The problem with being a pioneer is that you often die out before your settlement thrives. You’re in the ground for years before the village becomes a town; decades before the town becomes a city. Matheson, thankfully, got to see countless kinds of success. It’s always nice to be able to say a writer enjoyed the fruits of his labor. How rare is that? Let’s celebrate it.

But the other issue with being a pioneer is that the generations who come later may forget the ground you tilled, the innovations you brought into being. You hear Matheson’s name on the lips of so many greats, from Stephen King to Joe Hill. (A little family joke I just couldn’t resist.) But he deserves to be spoken of by so many more. His stories became the bedrock of many genres: thriller, horror, science fiction, fantasy, so essential it’s almost impossible to really grasp how much he accomplished. How many people take a moment to give thanks for the sidewalks and highways? Yet most of us couldn’t get anywhere without them.

“Third from the Sun,” The Twilight Zone (1960)

The other reason this may be the case is that Matheson had such an effortless, clear writing style. He threw the reader into the story and made very little attempt to force attention on himself as Author. This is great for stories, but not so good for getting credit. Writing is like life: too often we praise the show-offs, the ones who wink at us when they toss out some abstruse word. Many tend to think of this as artistry, but I’m less inclined. Or maybe I only mean to highlight the grace, and confidence, of a writer like Richard Matheson. Clarity can be artistry as well. It implies confidence, too. You won’t notice much of what he’s doing the first time you tear through these stories, but on your second pass you should take your time.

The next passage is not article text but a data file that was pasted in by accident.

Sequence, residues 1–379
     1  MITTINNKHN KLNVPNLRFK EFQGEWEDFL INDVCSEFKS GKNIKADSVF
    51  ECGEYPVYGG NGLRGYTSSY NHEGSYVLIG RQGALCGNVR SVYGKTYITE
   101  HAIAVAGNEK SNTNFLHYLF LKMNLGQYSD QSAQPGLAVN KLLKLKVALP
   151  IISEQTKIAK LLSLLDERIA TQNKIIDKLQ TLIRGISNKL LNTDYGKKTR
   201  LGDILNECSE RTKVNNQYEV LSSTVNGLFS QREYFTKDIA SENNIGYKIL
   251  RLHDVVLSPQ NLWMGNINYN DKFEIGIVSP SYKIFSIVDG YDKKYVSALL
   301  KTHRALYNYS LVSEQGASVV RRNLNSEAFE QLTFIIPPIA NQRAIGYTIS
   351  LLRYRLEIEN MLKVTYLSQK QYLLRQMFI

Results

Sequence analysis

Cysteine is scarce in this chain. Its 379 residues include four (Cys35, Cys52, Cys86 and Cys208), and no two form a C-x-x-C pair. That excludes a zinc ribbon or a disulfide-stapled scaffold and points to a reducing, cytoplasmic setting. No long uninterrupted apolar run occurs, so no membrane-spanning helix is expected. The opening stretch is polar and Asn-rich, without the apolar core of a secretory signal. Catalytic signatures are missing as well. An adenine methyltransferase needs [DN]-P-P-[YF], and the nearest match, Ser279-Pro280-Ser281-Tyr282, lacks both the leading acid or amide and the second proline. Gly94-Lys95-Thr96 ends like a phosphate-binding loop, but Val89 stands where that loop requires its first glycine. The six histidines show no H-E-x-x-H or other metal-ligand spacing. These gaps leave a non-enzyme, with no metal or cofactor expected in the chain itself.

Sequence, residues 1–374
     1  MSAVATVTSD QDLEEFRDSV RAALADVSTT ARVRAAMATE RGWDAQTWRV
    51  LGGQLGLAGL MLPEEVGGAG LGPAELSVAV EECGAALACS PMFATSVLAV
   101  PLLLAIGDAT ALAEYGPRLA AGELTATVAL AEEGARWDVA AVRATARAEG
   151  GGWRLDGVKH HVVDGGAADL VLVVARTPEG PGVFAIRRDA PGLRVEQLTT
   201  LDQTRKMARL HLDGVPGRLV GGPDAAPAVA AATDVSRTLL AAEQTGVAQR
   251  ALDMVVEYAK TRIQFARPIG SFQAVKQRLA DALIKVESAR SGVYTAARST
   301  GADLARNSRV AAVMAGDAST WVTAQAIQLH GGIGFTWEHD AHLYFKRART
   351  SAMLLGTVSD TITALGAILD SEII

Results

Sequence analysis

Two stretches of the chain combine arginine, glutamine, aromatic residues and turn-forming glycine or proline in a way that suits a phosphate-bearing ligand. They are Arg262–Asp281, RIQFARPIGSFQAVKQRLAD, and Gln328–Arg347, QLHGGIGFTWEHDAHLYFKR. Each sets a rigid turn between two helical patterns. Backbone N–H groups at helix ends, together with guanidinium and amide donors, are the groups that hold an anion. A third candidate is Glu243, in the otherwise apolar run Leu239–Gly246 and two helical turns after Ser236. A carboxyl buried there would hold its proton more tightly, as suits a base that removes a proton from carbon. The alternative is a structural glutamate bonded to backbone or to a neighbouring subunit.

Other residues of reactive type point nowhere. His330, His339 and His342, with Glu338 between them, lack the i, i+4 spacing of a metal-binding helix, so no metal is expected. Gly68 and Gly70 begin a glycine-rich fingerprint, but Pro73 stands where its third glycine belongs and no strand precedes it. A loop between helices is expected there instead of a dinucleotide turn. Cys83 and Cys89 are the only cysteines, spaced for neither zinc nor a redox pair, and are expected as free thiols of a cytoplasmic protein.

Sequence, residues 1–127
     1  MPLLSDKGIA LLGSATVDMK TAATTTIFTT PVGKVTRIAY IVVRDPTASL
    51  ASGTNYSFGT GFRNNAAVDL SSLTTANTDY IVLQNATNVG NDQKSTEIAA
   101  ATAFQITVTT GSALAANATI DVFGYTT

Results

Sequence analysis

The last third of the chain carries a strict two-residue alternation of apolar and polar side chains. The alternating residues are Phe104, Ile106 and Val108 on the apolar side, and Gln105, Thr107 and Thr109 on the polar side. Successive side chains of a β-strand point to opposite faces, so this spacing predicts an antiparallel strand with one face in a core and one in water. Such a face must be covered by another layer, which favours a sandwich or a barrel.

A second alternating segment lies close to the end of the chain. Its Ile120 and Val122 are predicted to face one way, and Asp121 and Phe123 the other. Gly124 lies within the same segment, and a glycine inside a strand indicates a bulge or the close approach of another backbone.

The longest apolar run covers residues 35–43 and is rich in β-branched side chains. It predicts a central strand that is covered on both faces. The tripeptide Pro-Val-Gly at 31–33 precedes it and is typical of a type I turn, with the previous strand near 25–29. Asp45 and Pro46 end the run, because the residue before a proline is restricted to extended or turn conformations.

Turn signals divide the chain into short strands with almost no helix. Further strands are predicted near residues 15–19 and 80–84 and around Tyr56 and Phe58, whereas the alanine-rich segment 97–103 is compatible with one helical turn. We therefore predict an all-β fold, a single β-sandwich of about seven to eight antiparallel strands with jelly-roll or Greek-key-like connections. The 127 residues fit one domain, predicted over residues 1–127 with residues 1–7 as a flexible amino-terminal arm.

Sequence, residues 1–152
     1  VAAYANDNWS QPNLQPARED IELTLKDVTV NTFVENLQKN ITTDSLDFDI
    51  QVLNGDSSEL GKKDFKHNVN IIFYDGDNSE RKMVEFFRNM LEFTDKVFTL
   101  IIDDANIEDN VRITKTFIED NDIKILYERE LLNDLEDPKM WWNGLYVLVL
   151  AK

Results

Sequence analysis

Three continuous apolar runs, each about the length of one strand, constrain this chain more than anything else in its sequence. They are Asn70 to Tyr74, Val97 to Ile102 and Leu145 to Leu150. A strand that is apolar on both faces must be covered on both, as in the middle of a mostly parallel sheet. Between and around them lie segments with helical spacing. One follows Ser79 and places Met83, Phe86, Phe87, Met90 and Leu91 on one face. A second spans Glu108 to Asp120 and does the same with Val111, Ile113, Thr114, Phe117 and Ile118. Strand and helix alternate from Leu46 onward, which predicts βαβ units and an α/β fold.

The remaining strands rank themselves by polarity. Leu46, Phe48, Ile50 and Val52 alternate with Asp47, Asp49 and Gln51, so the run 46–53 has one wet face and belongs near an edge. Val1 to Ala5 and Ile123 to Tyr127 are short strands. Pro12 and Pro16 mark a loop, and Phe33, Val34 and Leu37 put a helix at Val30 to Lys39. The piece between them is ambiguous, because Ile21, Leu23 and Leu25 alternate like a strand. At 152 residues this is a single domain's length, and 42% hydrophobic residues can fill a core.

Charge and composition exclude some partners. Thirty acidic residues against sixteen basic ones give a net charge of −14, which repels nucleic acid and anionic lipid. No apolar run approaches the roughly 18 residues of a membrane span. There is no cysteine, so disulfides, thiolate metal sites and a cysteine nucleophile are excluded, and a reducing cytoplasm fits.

His central concern is survival. What threatens your existence? Even more important, what will you do to get through? Think of the man in “Nightmare at 20,000 Feet” who risks popping open the emergency window of an airplane at cruising altitude so he can fire a gun at the being he’s seen tearing at the plane’s engine. He’s nearly sucked out into the night sky, but he must do something. He, and the other passengers, must survive. The ordinary meets the monstrous and every life is at risk.